New York State Department of Environmental Conservation (DEC) forest rangers have been hard at work ensuring the safety of residents and recreators, and that means answering to the many calls that involve lost, stranded and injured hikers. Most recently, rangers and rescue teams have helped folks exploring the Catskill and Adirondacks Mountains as well as Bear Mountain State Park. Of the latest rescues, there was at least one fatality and several minor injuries.
On Saturday, two hikers, ages 29 and 30, got off course while exploring the Hurricane Ledge in Kaaterskill Wild Forest. Luckily, rangers were able to find the pair fairly quickly by 8:00 p.m. Officials reported that they didn’t sustain any visible injuries but that they were quite cold. After providing the hikers with food, warm liquids and dry layers, rangers helped the two find their way back to the trailhead.
That same day, another 42-year-old hiker from Staten Island injured his ankle while exploring Bear Mountain State Park’s trails. Unfortunately, the man could not safely exit the area on his own, so he called authorities for medical assistance. Once the three rangers reached the hiker, they stabilized his injury, loaded him onto a wheelable litter and transported him out via UTV to the parking area where an ambulance awaited.
Forest Rangers Come to Rescue of Hikers Stranded in Snowstorm
Also last week, a man was in an Oneida County creek when his ATV flipped. According to reports, rangers searched for 55-year-old Michael R. Ingersoll for two days. On December 10, they finally located his remains about a half-mile downstream from the overturned vehicle. Medical officials are currently conducting an autopsy to determine whether drowning was the cause of Ingersoll’s death.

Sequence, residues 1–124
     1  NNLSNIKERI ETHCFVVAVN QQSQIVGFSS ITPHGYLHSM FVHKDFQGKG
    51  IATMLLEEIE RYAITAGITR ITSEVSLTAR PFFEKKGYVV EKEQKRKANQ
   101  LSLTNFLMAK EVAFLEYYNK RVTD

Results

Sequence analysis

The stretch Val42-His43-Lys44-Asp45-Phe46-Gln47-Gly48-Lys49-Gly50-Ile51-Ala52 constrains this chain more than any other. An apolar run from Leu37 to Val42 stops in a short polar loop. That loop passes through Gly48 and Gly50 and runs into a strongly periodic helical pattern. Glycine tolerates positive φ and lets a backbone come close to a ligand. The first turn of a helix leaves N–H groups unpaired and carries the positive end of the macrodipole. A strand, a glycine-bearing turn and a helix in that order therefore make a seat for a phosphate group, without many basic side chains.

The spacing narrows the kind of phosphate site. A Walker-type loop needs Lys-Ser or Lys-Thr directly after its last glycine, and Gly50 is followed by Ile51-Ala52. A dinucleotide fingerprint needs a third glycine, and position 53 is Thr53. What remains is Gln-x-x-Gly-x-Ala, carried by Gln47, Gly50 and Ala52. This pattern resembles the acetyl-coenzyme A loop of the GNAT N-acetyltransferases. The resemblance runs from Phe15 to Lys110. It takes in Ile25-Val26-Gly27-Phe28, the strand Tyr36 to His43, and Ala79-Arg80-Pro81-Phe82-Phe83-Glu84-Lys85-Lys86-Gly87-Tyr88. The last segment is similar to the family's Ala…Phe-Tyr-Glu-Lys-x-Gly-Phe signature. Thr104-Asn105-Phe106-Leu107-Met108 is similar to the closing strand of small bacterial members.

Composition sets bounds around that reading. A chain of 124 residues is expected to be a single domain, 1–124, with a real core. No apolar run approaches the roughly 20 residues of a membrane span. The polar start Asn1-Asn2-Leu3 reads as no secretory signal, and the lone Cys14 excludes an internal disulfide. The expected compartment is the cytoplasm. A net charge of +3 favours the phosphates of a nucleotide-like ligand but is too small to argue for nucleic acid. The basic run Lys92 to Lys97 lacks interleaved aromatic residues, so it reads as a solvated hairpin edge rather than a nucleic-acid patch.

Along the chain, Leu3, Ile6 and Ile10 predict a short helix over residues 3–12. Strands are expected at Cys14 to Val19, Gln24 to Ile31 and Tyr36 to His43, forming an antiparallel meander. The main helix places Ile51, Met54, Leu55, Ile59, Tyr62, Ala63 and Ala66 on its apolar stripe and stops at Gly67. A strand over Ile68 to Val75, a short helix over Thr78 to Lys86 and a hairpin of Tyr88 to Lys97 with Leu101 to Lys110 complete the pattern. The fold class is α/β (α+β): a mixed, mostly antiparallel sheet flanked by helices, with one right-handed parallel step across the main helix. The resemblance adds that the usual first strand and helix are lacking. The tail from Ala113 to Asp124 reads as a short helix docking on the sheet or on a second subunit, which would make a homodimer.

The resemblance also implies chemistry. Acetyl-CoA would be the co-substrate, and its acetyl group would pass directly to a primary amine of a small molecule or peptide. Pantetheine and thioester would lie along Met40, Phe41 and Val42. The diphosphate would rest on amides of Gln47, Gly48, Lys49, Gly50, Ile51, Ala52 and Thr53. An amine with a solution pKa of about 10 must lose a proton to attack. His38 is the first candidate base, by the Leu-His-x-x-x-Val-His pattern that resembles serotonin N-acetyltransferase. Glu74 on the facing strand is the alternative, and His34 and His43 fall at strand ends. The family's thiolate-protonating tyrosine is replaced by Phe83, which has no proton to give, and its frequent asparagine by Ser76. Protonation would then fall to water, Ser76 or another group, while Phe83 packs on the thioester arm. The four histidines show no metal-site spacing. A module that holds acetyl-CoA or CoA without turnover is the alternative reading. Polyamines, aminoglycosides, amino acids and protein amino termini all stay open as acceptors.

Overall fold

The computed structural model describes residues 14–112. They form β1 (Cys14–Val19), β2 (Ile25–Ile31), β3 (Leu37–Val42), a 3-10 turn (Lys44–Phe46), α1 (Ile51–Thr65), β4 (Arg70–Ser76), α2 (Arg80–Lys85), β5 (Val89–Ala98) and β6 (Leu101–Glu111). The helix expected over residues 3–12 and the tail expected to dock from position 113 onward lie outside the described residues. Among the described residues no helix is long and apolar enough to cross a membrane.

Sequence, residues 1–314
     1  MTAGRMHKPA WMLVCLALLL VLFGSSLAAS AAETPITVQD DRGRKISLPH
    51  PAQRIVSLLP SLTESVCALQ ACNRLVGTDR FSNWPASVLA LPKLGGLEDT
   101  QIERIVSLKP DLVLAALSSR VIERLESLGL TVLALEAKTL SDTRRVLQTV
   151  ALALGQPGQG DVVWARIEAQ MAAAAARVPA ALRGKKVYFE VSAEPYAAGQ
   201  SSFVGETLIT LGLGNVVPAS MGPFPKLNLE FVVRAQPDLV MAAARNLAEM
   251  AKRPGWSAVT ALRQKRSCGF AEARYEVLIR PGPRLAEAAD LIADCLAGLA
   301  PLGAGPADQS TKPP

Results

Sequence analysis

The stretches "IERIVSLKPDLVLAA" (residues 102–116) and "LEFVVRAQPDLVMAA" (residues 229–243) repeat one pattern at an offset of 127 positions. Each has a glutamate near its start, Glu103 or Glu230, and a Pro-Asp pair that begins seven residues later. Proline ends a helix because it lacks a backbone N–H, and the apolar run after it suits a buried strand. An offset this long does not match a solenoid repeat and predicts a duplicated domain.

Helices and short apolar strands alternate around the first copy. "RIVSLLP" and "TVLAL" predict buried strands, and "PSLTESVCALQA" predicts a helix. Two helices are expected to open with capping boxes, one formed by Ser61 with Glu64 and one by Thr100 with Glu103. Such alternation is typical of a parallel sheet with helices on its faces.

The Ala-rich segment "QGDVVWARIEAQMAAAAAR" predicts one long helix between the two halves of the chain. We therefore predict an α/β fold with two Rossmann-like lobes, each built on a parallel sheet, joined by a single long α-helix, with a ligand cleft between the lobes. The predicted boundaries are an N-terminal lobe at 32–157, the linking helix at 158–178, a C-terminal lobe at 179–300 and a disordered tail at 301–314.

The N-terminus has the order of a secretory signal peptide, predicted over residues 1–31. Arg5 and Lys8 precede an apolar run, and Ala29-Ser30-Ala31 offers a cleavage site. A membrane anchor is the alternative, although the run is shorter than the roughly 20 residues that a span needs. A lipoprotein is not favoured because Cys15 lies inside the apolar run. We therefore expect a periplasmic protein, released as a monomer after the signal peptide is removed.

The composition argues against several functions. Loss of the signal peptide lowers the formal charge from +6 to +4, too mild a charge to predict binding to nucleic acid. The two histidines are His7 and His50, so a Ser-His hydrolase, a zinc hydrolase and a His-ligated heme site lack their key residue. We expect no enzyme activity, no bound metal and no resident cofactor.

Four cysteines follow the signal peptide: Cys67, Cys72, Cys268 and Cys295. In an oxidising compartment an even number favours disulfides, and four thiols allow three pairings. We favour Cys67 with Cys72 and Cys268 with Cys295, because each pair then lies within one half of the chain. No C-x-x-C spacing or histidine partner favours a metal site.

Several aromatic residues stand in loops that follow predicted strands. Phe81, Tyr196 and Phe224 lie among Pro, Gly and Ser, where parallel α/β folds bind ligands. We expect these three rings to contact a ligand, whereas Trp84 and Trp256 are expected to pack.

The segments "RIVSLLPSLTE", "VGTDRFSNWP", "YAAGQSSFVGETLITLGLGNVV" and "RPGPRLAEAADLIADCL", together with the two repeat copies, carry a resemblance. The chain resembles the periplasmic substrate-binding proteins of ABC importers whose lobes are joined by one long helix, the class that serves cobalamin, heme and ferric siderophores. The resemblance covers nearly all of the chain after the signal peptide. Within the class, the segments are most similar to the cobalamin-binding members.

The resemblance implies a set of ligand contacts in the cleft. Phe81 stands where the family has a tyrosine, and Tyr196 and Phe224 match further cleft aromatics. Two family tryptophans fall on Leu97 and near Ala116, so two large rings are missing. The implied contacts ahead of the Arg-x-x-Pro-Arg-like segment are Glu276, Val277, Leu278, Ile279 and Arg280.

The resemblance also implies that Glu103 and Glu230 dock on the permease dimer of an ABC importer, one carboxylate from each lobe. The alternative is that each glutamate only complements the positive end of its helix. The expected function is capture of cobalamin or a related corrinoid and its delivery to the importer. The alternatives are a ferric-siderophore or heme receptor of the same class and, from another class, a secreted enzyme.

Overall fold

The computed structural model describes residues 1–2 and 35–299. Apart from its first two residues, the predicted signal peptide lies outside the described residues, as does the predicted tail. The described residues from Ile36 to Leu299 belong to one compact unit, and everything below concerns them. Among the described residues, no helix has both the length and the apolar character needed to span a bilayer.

Just a couple weeks before the recent death, rangers came to the rescue of a woman and her two dogs. While walking her companions on Mt. Marcy, the highest peak in New York State, the woman became lost. Luckily, she still had cell service and was able to reach rangers, who were able to trace her general location. They hiked to Marcy Dam to begin the ground search, making audio contact at 6:24 p.m. They found the hikers off trail in dense spruce, and escorted them back to the trailhead. It seems the trio were able to make it out of the woods without any injuries.
Also in November, forest rangers rushed to the aid of two Lewis County residents who became trapped in a snowstorm that yielded six feet of snow. One of the residents was apparently experiencing a cardiac episode. After forest rangers broke a trail for an SUV, they transported the pair to a Lewis County Search and Rescue ambulance that took him to a local hospital for treatment. Despite the medical event, the man was in stable condition.